Any recovery from COVID-19 — which in idling the economy, has exposed oil-industry inefficiencies and made a dent in pollution — can and should include a mandate for the transition to a lower-carbon future, a report Thursday from consultants McKinsey & Co. says.
That future requires aggressive approaches, not without tradeoffs, that call on all sectors of the economy to change to some degree, in many cases creating jobs and advancing technology to usher in such change, the report shows . Sharing the burden of reducing emissions, which in the report targets livestock practices, reforestation, switching to renewable electric power, promoting hydrogen use and more, eases the pressure on the fossil-fuel industry /zigman2/quotes/209723049/delayed CL00 -0.07% to evolve alone, or even most quickly.
The McKinsey researchers carve up their approach in a couple of ways, laying out three scenarios, shown in the graphic below. Within that bigger picture, they detail five shifts in production and consumption, all with the intention of setting the globe on the path toward a 1.5° Celsius warming target, the more aggressive end of what’s been deemed a manageable level of average warming in coming decades by the Paris Climate accord and other initiatives. The Paris pact, for instance, has called for slowing to at least 2°C by 2050.
“The 1.5 degree pathway is hard, put possible,” said Kimberly Henderson, a partner in the firm’s Washington office and one of the report’s authors. “The math is daunting, as is the timeline. Ten years is significant to really bend the curve on greenhouse gas emissions. Most targets talk about 2050, but when staying within 1.5, 2030 is the timeline that really matters.”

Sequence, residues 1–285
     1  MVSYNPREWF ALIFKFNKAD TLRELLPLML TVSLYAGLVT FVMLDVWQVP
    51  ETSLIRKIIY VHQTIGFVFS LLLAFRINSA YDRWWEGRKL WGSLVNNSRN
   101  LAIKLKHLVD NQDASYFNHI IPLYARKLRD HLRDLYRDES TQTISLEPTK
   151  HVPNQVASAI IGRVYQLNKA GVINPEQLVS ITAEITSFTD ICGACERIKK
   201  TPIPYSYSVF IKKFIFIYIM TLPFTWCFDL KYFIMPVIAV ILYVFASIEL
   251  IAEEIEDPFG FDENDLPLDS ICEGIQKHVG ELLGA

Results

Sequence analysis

McKinsey Global Energy Perspective 2019: Reference Case; McKinsey 1.5°C scenario analysis
The scenarios in the report focus on CO2 emissions (the most prevalent anthropogenic greenhouse gas and key to any GHG-abatement scenario), but the authors said that methane emissions and other types should be addressed as well on the 1.5°C pathway.
While the call is for all sectors to participate with the best intentions, the report recognizes that compliance may be spotty. The research shows a possible outcome if a car-loving American society is slow to cut its fossil-fuel obsession. In one set of circumstances, for instance, oil and gasoline continue to be the major fuel for transport, and that sector decarbonizes more slowly. To compensate, reforestation would need to speed up, and 90% of CO2 emissions from deforestation would have to be abated by 2030. In this scenario, all sectors/sources except transport would manage to abate by at least one-third of their 2016 emissions by 2030.
Across the scenarios, reforestation can often pick up the slack for the hardest-to-abate sectors, particularly for pre-2030 emissions.
“For too long the mindset was if we all do one thing, it will solve the global warming problem, or address past wrongs. No one solution comes close,” said Matt Rogers, a McKinsey senior partner in its San Francisco office, and a report co-author. “We have to have significant change across many sectors. We believe we can open the aperture to highlight for each sector how to get there.”
Rogers and colleagues, in another recent report, emphasized that the pandemic should increase pressure on the public and private sectors to act on climate change sooner than later.
“Not only does climate action remain critical over the next decade, but investments in climate-resilient infrastructure and the transition to a lower-carbon future can drive significant near-term job creation while increasing economic and environmental resiliency,” they wrote . “And with near-zero interest rates for the foreseeable future, there is no better time than the present for such investments.”
Some of the behavioral “shifts” toward the 1.5°C pathway in the report include: